ALBANY – Senator Catharine Young (R,C,I- 57th District) has passed legislation (S.519) to reduce the local property tax burden by providing 100 percent state aid to cover the increase in the county district attorneys’ salaries.
Tied in statute to judicial pay, full-time local district attorneys receive a mandated salary increase as part of a raise for the state’s judges determined by the State Commission of Legislative, Judicial, and Executive Compensation in 2015.
While the state’s judicial system sets its own budget, which incorporated the judges’ pay raise, funding for the additional costs for district attorneys was not included in the Governor’s original proposal, or the final enacted budget. While the issue was raised by the Senate during the budget hearings and negotiations, it ultimately did not advance.
“County governments do not have discretion over district attorneys’ pay, and their salary increase came as an unexpected budget cost. Providing this relief will ease the load for hardworking property taxpayers and county governments, saving money for residents and businesses,” said Senator Young.
New York State Association of Counties Executive Director Stephen J. Acquario has previously called the mandated salary increase without an offsetting increase in the state budget “unprecedented,” citing that last year was the first time in more than 50 years that the state had not paid for the DA salary increase that was mandated on county property taxpayers.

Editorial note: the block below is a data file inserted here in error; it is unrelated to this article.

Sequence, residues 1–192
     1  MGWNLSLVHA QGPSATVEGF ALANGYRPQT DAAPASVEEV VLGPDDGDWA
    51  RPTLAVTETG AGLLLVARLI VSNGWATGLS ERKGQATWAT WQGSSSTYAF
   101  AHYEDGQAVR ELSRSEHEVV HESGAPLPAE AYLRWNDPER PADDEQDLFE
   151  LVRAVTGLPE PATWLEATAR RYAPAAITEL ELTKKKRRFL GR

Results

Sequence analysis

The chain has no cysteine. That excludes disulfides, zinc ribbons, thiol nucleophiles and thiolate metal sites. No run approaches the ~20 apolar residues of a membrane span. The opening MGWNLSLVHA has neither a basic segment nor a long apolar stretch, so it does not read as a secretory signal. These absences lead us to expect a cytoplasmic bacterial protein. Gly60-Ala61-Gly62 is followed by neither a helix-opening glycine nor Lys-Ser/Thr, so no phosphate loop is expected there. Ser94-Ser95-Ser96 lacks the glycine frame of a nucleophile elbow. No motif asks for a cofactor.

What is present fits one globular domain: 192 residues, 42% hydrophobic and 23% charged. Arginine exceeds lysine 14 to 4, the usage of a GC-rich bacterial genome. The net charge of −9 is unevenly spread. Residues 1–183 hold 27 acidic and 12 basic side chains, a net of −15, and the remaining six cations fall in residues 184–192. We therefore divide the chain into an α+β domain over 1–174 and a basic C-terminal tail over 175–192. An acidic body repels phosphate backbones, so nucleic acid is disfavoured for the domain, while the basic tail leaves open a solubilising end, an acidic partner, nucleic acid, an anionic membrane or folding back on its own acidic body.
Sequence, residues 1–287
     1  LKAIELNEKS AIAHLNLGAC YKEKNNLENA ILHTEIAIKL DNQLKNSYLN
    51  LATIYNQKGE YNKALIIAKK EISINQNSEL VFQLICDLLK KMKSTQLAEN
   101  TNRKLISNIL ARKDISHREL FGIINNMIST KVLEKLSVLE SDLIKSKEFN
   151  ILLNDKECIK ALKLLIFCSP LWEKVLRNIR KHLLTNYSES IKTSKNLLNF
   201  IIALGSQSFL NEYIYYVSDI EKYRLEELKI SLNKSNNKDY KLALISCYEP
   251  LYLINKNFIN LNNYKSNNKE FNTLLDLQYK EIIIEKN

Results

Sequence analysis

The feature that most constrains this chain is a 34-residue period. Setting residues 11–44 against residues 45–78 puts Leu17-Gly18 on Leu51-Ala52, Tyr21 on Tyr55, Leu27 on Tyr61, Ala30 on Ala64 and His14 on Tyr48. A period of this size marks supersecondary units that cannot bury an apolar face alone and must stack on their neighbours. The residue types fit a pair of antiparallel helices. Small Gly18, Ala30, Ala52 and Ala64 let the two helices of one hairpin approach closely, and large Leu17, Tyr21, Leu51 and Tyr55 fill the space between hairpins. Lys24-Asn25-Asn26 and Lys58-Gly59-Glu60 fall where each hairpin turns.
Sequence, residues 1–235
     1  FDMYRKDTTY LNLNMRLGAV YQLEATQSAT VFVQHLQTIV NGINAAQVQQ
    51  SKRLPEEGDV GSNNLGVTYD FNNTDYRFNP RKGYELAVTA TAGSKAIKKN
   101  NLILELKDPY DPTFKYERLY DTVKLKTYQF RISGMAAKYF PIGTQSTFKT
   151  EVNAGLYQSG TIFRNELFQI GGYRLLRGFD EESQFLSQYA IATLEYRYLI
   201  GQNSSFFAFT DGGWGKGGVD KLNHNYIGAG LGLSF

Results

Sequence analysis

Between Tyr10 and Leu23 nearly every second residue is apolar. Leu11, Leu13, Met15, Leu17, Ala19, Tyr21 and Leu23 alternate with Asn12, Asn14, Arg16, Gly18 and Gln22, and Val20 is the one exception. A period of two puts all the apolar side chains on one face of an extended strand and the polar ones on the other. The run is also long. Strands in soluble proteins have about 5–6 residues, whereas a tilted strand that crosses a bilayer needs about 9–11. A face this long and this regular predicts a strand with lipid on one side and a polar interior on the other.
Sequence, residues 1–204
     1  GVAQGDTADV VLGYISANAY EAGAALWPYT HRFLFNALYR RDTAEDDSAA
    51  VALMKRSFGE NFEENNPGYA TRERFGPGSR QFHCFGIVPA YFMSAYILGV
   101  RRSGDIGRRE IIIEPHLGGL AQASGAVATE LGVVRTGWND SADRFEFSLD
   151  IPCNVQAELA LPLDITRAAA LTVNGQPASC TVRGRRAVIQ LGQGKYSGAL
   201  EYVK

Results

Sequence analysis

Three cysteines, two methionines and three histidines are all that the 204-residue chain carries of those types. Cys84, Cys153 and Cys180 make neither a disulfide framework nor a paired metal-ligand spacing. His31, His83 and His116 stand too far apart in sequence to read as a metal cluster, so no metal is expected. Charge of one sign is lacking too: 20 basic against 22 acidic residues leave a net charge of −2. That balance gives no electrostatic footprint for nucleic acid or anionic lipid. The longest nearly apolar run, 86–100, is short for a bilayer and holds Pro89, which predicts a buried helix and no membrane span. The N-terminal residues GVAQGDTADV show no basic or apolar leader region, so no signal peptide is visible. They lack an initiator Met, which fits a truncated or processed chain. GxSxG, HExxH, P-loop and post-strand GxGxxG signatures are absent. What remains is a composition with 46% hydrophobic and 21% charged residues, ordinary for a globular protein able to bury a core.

“When incorporated into the total state budget, the cost represents about .00001 percent of this year’s enacted budget. The state can shoulder this cost much easier than our local governments, and it is only right that we do so. Along with passing this legislation, I definitely would support a chapter amendment to the budget that would make the counties whole,” said Senator Young.
In 2015, New York State covered about 50 percent of local district attorneys’ salaries, with the respective county’s budget covering the remaining salary cost. However, by not providing for additional aid in the Executive Budget Proposal or the final budget, for the second straight year, counties are absorbing a 15 percent increase, approximately $30,000, without any additional assistance from Albany.